I came across this quote in a Julia Cameron book a few years ago. A brilliant statement of the obvious, don’t you think? You can make your own statement to fit your own life by adding one of your roles and the corresponding verb. Voila!
Although the statement is obvious, I haven’t always known I should write, if only for my own benefit. And when I suspected that writing should take center stage, I did everything except keep my behind in a chair.
The writing path started out in the fifth grade with a silly diddy meant to entertain my friends and teacher. Perhaps it did, although looking at the paper about 40 years later I can only wonder. I fooled around with writing in junior high and high school by working on yearbooks and any other opportunity to put words before people in an effort to entertain them.
During high school, it was other students whose essays and themes and speeches were chosen, a couple of go-to kids upon which golden crowns and glass slippers rested and the remainder of the class was but servants to their greatness. In other words, it never occurred to me that I could or should write, unless it was an academic requirement. It was the Dixies and Willas and Janices who were the stars on the wrote show (feel free to laugh here).
Early in my college career, all in the same semester, I had the good fortune to encounter three professors who in one way or another directed me to writing. The first was an English professor who was formal and reserved. For some reason I had to meet with him and during the half hour or so, he offered his assessment of my writing and encouraged me to consider developing the ability. He praised my papers. He must be wrong? He hadn’t read anything by Dixie, Willa or Janice. He’d change his mind if he had. The second professor taught U.S. history and wrote surprising responses to my papers that, at the time, seemed almost insincere. I didn’t really think he was accurately assessing my writing achievement. The third professor, the one who had the most influence, not only encouraged my writing and the experience I gained at the daily newspaper, he once told me to forget about the poor grade I was getting in Italian (he was the department head) because I was better served through working at the paper. That he managed to influence my instructor to give me a slightly better grade didn’t hurt.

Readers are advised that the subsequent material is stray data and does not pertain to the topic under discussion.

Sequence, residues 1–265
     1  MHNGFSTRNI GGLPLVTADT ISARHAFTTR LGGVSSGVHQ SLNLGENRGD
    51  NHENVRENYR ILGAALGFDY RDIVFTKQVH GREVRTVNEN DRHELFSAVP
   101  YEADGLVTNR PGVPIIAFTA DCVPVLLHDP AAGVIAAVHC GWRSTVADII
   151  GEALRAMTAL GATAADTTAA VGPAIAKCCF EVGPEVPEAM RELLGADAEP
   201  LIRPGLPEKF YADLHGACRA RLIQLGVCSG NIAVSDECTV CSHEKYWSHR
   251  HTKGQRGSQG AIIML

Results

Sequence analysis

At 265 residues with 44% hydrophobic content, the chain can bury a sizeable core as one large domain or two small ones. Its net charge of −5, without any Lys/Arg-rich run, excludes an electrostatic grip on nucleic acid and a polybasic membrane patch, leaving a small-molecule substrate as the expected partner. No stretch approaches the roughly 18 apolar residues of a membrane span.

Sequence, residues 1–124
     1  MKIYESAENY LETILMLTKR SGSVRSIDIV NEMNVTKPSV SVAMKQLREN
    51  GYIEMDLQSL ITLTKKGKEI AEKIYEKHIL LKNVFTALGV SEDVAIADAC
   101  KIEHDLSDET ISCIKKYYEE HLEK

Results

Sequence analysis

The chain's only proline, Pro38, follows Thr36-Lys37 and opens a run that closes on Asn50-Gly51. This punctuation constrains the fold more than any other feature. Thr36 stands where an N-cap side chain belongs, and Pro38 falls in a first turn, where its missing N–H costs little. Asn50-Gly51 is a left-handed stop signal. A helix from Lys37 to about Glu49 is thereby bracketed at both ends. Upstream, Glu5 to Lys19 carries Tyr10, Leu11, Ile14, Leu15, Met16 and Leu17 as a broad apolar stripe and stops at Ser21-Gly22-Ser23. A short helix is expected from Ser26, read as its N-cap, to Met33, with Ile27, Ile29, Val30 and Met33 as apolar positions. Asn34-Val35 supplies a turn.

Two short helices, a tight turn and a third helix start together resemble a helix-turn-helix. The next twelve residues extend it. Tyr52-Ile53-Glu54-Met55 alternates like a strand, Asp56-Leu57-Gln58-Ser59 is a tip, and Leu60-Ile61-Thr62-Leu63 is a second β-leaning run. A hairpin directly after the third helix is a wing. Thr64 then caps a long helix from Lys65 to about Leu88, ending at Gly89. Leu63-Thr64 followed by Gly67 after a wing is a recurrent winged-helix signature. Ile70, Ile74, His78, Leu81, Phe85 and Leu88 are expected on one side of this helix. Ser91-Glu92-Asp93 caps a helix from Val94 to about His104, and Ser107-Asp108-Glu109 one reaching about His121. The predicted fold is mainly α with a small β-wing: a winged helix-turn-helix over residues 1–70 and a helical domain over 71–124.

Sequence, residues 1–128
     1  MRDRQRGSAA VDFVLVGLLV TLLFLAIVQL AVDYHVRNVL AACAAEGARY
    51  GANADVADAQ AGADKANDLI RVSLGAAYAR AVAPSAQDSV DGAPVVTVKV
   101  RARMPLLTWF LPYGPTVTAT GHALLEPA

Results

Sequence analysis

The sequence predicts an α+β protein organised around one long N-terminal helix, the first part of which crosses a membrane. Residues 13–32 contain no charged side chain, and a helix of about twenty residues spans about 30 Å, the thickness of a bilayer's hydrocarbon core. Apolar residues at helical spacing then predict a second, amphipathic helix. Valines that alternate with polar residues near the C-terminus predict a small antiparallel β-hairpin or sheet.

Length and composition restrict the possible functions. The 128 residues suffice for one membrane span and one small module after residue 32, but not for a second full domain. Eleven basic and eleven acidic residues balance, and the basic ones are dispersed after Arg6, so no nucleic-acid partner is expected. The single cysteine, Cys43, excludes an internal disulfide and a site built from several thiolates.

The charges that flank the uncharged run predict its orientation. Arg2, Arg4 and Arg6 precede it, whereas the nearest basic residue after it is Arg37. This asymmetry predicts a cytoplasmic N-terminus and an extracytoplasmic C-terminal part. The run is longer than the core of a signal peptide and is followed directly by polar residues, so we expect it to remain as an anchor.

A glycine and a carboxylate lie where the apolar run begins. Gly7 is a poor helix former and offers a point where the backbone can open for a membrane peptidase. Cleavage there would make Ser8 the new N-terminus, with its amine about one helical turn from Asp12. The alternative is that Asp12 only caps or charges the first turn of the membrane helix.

My friends and peers at the newspaper were far better writers. They still are. I learned a lot from them.
With a spanking new degree from Purdue, I set out into the wider world, primarily using writing as the foundational skill for a career in public relations. Early on I wrote about herbicides, insecticides, fungicides, irrigation, pest control, farming practices, golf course management and anything else needed to help clients or employer communicate about their products, striving to do so in a way that engaged customers and entertained others in the process. More or less, I’ve built a life around words, often forming the right ones for others to use.
It’s been a long time coming, this writing primarily to tell the stories that are important to me or integral to my life.
There was often a reason for not doing this sort of writing. Usually valid considerations at that. Excuses I told myself: I didn’t have time. I don’t know what to write about (yeah, I know, don’t end a sentence with a preposition). I don’t have a perfect life with all the parts in perfect place. Once everything is perfect, then I’ll be able to write. Someday.
For awhile I have had an inner nudge to get to work on a long list of writing projects. Good progress has been made on two book manuscripts. Other projects are underway. Yet, I argue with the inner imperative to write because life is far from perfect and few parts are in place. “As soon as ….” Or, “When I’m all settled again ….” Or, “If ….”
Smack in the middle of a long limbo, that inner nudge persists to write as often as possible, no excuses. I have none of the things I’ve believed were needed to write. Not a room of my own, to borrow from Viriginia Woolf, not even the basics. Yet, each day it’s impossible to find peace until I write something. Currently the only tools available to practice my craft are a BlackBerry, notebook from Target, and pens from a hotel. I’ve been writing under large shade trees at Tomahawk Creek Park, about the only place for shade in humid air with temperatures in the mid-90s or higher. I write from the driver’s seat, with Timothy the cat in the back.
Turns out I didn’t need all those things I needed. Didn’t need the just-so desk and chair and office, or the right sort of computer, or long stretches of time at a lakeside cottage. All I needed? To just do it.
Writers write. And when I write, I’m keeping my part of the deal.